The overall picture was that urban and rural district councils severely cut down their expenditure on civil defence, leaving the county councils to do most of the work. NALGO members who lost their jobs in consequence of this change will not be covered by the new regulations. How are they to be dealt with? Surely they are entitled to the same treatment as those who will now lose their jobs in consequence of the revocation or amendment of statutory regulations. It is true that some of those who lost their jobs last summer were awarded redundancy payments, but in many cases compensation, if it were available, would exceed the amount of any redundancy payment and the officers would be entitled to the difference between the two sums if the compensation regulations could be made to act retrospectively.

I am sorry that I was not able to give the Minister previous notice of these points, but I myself received intimation in regard to them only this morning. Perhaps I may express the hope with which I began; namely, that NALGO will be consulted at all stages of the discussion in regard to the regulations, when I am sure that some of the points that I have made will be ironed out, I hope to the satisfaction of all concerned.

4.43 p.m.


My Lords, I do not wish to take up the time of the House in repeating what has already been said, but perhaps I may say how entirely I agree with the points made by the noble Lord, Lord Ilford. They covered all that I had intended to say; and, as he put the case to the Government so convincingly and so well, there is no need for anyone to repeat it. I feel the more assured in saying no more than this in that I am not at all sure that I should not be wasting not only the time of the House but also my own time, as I feel confident that the Government will take a sympathetic view of the plea which has been put before them. It represents views which I can assure the Government—they probably already know it—are widely held by a number of people.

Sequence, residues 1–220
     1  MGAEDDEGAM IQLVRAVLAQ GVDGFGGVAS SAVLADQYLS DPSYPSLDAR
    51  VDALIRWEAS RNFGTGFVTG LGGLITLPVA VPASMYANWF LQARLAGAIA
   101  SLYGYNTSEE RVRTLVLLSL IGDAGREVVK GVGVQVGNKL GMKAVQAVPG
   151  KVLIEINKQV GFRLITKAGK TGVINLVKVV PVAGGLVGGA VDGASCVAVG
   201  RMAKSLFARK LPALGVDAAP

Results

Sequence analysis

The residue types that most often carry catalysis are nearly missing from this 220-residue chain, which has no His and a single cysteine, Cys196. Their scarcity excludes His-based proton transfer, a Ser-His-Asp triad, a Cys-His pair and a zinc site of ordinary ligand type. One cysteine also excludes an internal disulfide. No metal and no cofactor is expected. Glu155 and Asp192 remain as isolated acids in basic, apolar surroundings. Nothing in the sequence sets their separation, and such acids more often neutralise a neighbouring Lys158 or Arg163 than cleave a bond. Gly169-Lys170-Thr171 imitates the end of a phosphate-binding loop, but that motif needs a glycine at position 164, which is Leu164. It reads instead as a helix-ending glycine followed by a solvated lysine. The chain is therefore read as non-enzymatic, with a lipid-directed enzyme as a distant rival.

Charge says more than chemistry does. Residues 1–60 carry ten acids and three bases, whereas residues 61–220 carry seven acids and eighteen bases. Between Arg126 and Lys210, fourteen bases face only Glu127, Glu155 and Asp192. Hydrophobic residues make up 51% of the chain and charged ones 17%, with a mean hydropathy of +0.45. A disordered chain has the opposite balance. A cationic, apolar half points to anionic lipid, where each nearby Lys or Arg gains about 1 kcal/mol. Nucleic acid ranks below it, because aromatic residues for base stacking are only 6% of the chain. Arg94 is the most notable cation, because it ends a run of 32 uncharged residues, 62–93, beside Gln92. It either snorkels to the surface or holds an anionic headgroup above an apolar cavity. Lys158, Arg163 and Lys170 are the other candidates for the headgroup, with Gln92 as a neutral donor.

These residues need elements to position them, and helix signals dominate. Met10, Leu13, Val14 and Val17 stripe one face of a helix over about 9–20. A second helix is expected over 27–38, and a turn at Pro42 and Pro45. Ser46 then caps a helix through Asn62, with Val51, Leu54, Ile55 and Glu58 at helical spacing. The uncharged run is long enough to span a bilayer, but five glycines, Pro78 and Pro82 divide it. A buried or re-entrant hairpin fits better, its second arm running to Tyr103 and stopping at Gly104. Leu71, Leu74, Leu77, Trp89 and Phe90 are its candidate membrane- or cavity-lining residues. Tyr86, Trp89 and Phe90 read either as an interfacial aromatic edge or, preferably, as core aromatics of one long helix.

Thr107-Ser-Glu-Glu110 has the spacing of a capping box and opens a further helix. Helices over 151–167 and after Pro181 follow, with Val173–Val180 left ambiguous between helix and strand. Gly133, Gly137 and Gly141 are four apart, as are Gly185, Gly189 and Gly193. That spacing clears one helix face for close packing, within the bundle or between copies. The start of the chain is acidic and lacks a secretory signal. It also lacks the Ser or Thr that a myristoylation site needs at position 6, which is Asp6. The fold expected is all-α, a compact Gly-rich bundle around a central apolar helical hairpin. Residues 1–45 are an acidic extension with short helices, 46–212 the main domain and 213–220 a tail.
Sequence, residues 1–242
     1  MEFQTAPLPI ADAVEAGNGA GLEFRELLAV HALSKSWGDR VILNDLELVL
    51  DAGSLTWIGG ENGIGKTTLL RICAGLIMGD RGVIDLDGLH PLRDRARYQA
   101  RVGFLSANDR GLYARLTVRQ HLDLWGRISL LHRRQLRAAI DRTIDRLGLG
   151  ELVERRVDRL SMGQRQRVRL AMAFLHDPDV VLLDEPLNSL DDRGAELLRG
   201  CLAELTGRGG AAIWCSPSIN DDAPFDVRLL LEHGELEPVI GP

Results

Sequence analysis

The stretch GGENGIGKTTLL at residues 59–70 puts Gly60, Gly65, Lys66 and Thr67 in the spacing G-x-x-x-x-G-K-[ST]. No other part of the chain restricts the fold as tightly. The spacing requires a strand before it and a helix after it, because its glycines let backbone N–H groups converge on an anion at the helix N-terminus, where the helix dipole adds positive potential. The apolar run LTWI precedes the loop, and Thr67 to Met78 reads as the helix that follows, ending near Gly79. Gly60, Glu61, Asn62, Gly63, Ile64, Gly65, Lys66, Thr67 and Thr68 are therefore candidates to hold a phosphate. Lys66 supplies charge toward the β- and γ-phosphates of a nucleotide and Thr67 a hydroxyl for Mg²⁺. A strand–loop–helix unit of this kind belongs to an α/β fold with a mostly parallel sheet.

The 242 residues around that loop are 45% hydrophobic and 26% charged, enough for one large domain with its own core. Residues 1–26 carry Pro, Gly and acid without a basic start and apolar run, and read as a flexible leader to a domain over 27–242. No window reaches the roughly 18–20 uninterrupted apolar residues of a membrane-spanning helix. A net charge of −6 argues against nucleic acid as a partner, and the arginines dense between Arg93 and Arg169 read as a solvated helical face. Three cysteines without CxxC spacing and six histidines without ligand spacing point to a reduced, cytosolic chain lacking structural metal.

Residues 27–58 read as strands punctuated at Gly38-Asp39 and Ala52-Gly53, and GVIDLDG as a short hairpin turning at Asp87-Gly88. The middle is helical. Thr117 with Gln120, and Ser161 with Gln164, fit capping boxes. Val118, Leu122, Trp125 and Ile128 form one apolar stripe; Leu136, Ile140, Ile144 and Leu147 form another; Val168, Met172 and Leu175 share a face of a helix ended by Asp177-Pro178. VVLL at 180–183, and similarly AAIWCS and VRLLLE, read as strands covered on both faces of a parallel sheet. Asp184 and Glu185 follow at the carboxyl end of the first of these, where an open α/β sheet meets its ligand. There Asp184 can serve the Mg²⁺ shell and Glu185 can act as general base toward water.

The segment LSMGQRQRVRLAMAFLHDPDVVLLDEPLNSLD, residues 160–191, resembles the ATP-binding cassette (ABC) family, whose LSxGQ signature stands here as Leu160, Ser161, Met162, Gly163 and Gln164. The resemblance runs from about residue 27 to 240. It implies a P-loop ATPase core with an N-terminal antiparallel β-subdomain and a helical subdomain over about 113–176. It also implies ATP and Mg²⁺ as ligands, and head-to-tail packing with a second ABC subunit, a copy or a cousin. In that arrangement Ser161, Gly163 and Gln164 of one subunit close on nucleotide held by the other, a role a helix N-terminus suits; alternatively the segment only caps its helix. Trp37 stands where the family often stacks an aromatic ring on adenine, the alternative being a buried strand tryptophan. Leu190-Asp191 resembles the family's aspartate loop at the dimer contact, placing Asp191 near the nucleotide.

My Lords, before the noble Baroness replies, I wonder if I might ask whether the Government would consider making a more just relationship between the payments for National Insurance of the employed and the unemployed. I should perhaps declare an interest, because I happen to belong to the ranks of the unfortunate unemployed myself, at least for National Insurance purposes, though I am very far from unemployed in fact. I find for myself that the payment of 14s. 3d. per week for the privilege of being unemployed is quite as much as I want to pay; but there are many others who are in far worse circumstances than I am. There are those who are old and infirm, who perhaps have nobody to help them, who are living on very small incomes which they have no prospect of ever enlarging.

My Lords, is it fair that such people should have to pay such a sum as this? I do not think anybody would question the justice of support for the nation by those who are earning large salaries and are very well off, but I think that to ask so much from those who are in such an unfortunate position as these old and. as I say, often infirm people seems to me very far removed from justice. I hope that it will be possible for the Government to do something about this.

4.46 p.m.


My Lords, I will endeavour to reply to all the points which have been raised by noble Lords, but, as the noble Lord, Lord Drumalbyn, has so rightly said, this Bill covers a tremendous number of subjects; so if I omit to give a reply during this Second Reading debate to all the questions raised it will not be with the intention of evading them, but simply because it has not been possible to provide a reply in the time. I can assure the noble Lord, Lord Somers, straightaway that, although the point he raised does not come within the context of the Bill we are discussing to-day, it will be taken back and looked at.